Azure Image Proxy

The previous couple of articles configured an image resizing Azure Web Role, plopped those resized images on an Azure Service Bus, picked them up with a Worker Role and saved them into Blob Storage.

This one will click in the last missing piece; the proxy at the front to initially attempt to get the pregenerated image from blob storage and failover to requesting a dynamically resized image.

New Web Role

Add a new web role to your cloud project – I’ve called mine “ImagesProxy” – and make it an empty MVC4 Web API project. This is the easiest of the projects, so you can just crack right on and create a new controller – I called mine “Image” (not the best name, but it’ll do).

Retrieve

This whole project will consist of one controller with one action – Retrieve – which does three things;

  1. attempt to retrieve the resized image directly from blob storage
  2. if that fails, go and have it dynamically resized
  3. if that fails, send a 404 image and the correct http header

Your main method/action should look something like this:

[HttpGet]
public HttpResponseMessage Retrieve(int height, int width, string source)
{
    try
    {
        var resizedFilename = BuildResizedFilenameFromParams(height, width, source);
        var imageBytes = GetFromCdn("resized", resizedFilename);
        return BuildImageResponse(imageBytes, "CDN", false);
    }
    catch (StorageException)
    {
        try
        {
            var imageBytes = RequestResizedImage(height, width, source);
            return BuildImageResponse(imageBytes, "Resizer", false);
        }
        catch (WebException)
        {
            var imageBytes = GetFromCdn("origin", "404.jpg");
            return BuildImageResponse(imageBytes, "CDN-Error", true);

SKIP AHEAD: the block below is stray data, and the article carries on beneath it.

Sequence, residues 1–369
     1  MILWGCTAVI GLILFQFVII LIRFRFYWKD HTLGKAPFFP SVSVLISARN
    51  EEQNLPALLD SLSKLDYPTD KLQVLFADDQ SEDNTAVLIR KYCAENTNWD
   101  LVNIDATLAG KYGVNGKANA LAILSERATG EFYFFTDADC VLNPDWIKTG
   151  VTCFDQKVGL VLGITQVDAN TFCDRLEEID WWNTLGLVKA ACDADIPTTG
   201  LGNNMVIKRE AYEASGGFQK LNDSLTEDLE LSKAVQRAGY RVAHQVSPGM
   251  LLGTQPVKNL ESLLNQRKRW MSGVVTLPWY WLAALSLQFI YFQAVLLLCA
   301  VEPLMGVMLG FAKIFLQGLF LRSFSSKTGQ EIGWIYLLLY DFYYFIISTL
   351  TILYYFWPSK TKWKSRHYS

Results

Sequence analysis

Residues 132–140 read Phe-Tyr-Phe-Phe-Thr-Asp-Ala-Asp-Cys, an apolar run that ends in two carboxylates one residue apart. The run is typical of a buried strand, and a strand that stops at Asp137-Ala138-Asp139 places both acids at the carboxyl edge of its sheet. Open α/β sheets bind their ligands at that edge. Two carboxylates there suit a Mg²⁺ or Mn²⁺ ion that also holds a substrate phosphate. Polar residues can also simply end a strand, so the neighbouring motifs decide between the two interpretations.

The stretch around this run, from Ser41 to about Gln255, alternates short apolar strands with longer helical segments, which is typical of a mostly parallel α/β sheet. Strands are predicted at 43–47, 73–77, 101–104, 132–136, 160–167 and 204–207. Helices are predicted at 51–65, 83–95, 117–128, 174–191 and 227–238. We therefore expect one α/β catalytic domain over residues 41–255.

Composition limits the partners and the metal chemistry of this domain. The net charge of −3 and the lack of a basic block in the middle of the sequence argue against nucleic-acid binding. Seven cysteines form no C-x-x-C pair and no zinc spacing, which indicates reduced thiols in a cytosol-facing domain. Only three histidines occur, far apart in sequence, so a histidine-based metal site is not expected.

}
    }
}

Feel free to alt-enter and clean up the red squiggles by creating stubs and referencing the necessary assemblies.

You should be able to see the three sections mentioned above within the nested try-catch blocks.

  1. attempt to retrieve the resized image directly from blob storage

    var resizedFilename = BuildResizedFilenameFromParams(height, width, source);
    var imageBytes = GetFromCdn("resized", resizedFilename);
    return BuildImageResponse(imageBytes, "CDN", false);
    
  2. if that fails, go and have it dynamically resized

    var imageBytes = RequestResizedImage(height, width, source);
    return BuildImageResponse(imageBytes, "Resizer", false)
    
  3. if that fails, send a 404 image and the correct http header

    var imageBytes = GetFromCdn("origin", "404.jpg");
    return BuildImageResponse(imageBytes, "CDN-Error", true);
    

So let’s build up those stubs.

BuildResizedFilenameFromParams

Just a little duplication of code to get the common name of the resized image (yes, yes, this logic should have been abstracted out into a common library for all projects to reference, I know, I know..)

private static string BuildResizedFilenameFromParams(int height, int width, string source)
{
    return string.Format("{0}_{1}-{2}", height, width, source.Replace("/", string.Empty));
}

GetFromCDN

We’ve seen this one before too; just connecting into blob storage (within these projects blob storage is synonymous with CDN) to pull out the pregenerated/pre-reseized image:

private static byte[] GetFromCdn(string path, string filename)
{
    var connectionString = CloudConfigurationManager.GetSetting("Microsoft.Storage.ConnectionString");
    var account = CloudStorageAccount.Parse(connectionString);
    var cloudBlobClient = account.CreateCloudBlobClient();
    var cloudBlobContainer = cloudBlobClient.GetContainerReference(path);
    var blob = cloudBlobContainer.GetBlockBlobReference(filename);

    var m = new MemoryStream();
    blob.DownloadToStream(m);

    return m.ToArray();
}

BuildImageResponse